Ka Nyaw is a 1 year-old-baby who came to BCMF suffering from hydrocephalus. Hydrocephalus is a condition caused by an abnormal buildup of cerebrospinal fluid in the skull and can lead to convulsions, vision problems and mental disability. If left untreated, hydrocephalus is a fatal condition. Ka Nyaw first showed symptoms of his condition when he was four months old, when his grandmother noticed that his head was swelling and that he was unable to breathe properly through his nose. Since then, with the continued buildup of fluid in his skull, his head has grown significantly and he has developed a dry cough. Ka Nyaw’s enlarged head has made it impossible for him to play and learn as children his age should. He must be held, or else left lying on his back at all times since he cannot support his head.
Ka Nyaw’s parents left their village where they were farmers in Karen State to find work in Bangkok three years ago. His father has a migrant passport, allowing him to legally work in Thailand and earns 300 baht ($10 USD) per day working as an electrician. Ka Nyaw’s mother worked as a housemaid and earned 6,500 baht ($205) per month. When Ka Nyaw was born, they left him with his grandmother in Burma so they could continue to work in Bangkok to support the family. However, one month ago, upon hearing about his worsening symptoms, Ka Nyaw’s parents quit their jobs and returned home to look after him. They became increasingly worried about his condition and after hearing about Mae Tao Clinic from a relative, decided to seek treatment for him in Thailand. The trip took one full day and cost 30,000 Kyat (US$ 30). After Ka Nyaw was examined by Mae Tao Clinic medics, they referred him to BCMF so he could be sent to Chiang Mai for investigation and treatment.
Together with his mother, Ka Nyaw travelled to Chiang Mai and stayed there for an extended period of time while he underwent treatment. At Maharaj Nakorn Hospital, Ka Nyaw had an x-ray and was admitted to the hospital for one night. He and his mother then went to stay at the BCMF patient house where he stayed for 8 days before returning to the hospital for a follow-up appointment. On April 22, 2013, he was admitted to the hospital and underwent an operation to insert a VP shunt in his head to allow the cerebrospinal fluid to drain from his skull. However, 6 days later, he developed a high fever because of an infection. The shunt was removed and Ka Nyaw was moved to ICU for 19 days. On May 15th, he was moved to the regular pediatric ward where he was put on IVs and antibiotics for the next 3 months. On August 2nd, the doctor again performed surgery to insert a second shunt and prescribed medication to treat pain, prevent infection, and prevent convulsions. After the second operation, Ka Nyaw couldn’t sleep because he was regularly running a fever. His mother had trouble sleeping as well because she was so worried about him. Ka Nyaw was discharged from the hospital on August 31st. However, he again developed a high fever and needed to be readmitted to the hospital on September 19th when he also developed pneumonia. After he recovered, he was again discharged from the BCMF patient house and after he returned to the hospital for a follow-up appointment, doctors confirmed that he was finally healthy enough to return home.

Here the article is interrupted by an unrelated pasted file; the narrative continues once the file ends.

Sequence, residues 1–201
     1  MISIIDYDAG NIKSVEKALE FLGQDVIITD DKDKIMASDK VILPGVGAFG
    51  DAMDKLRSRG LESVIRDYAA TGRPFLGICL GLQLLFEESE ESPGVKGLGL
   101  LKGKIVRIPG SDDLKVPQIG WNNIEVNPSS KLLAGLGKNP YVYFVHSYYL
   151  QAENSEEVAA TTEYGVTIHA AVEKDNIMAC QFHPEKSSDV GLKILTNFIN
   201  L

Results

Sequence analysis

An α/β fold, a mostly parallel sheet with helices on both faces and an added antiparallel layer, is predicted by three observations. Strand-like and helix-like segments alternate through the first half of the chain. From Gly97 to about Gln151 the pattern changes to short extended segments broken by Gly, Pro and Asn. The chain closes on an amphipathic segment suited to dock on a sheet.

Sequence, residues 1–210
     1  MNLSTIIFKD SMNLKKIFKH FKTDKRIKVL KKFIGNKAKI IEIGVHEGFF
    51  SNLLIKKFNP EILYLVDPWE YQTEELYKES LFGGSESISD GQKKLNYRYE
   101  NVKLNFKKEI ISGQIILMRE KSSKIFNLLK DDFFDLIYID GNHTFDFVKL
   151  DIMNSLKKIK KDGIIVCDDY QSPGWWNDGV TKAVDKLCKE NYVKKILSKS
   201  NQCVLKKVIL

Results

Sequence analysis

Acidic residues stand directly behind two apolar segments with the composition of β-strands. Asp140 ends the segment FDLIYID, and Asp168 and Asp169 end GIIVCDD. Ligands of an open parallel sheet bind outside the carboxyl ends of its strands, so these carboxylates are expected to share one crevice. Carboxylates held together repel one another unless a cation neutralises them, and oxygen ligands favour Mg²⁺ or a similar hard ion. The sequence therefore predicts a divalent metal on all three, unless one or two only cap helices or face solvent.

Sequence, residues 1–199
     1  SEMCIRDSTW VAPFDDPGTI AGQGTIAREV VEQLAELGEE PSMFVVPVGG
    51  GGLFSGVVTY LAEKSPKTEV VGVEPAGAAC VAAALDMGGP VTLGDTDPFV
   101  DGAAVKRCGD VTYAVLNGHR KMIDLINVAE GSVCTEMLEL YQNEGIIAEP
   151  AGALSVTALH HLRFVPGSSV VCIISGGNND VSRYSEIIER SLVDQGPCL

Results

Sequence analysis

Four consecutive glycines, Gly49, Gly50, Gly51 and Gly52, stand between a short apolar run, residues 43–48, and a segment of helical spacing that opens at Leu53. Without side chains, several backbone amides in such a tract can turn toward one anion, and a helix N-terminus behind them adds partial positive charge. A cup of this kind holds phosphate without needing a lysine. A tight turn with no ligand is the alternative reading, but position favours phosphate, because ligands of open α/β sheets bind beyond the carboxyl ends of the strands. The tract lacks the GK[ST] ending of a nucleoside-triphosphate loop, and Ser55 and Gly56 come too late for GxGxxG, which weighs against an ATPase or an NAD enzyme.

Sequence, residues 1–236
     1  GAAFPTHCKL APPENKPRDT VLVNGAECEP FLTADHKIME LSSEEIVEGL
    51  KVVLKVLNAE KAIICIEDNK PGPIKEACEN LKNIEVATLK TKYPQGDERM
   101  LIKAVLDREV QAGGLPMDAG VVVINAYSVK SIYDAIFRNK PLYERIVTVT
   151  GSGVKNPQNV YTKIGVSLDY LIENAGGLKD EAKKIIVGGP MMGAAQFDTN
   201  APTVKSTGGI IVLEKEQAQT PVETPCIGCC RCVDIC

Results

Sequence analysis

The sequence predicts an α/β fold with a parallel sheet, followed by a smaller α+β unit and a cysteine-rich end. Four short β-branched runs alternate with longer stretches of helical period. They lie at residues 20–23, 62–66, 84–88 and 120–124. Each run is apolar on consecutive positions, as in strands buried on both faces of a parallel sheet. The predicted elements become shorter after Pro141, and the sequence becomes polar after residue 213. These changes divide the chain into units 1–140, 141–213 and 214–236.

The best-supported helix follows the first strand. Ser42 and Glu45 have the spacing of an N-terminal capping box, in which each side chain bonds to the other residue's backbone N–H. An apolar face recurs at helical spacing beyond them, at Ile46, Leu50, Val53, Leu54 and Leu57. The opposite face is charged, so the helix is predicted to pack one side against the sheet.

Before the surgery, Ka Nyaw had difficulty breathing through his nose, but this problem resolved after the surgery. The swelling in his head is reduced and he can now move his head freely. He used to frequently have problems with fever and coughing, but now he is much healthier than before. Ka Nyaw’s mother says she knows that he may not be able to speak or grow up to be like other children, but she thinks he is lucky to survive.
Ka Nyaw’s family is very happy that he has received treatment. They are much less worried than before and his mother says that without the help of BCMF donors and staff, they couldn’t have afforded their son’s treatment. She said that without the help of BCMF, her baby would have died by now. She also wants to say thank you to the donor who donated a stroller to them because Ka Nyaw was too big—and his head was too heavy—for her to carry him. She intends to take care of her son for the rest of his life. She hopes to see her son sit or stand up on his own in the near future.
While the success of treatment with a VP shunt varies from person to person, some people recover almost completely after treatment and have a good quality of life. Early diagnosis and treatment improves the chance of a good recovery and many children diagnosed with hydrocephalus can go on to lead normal lives with few limitations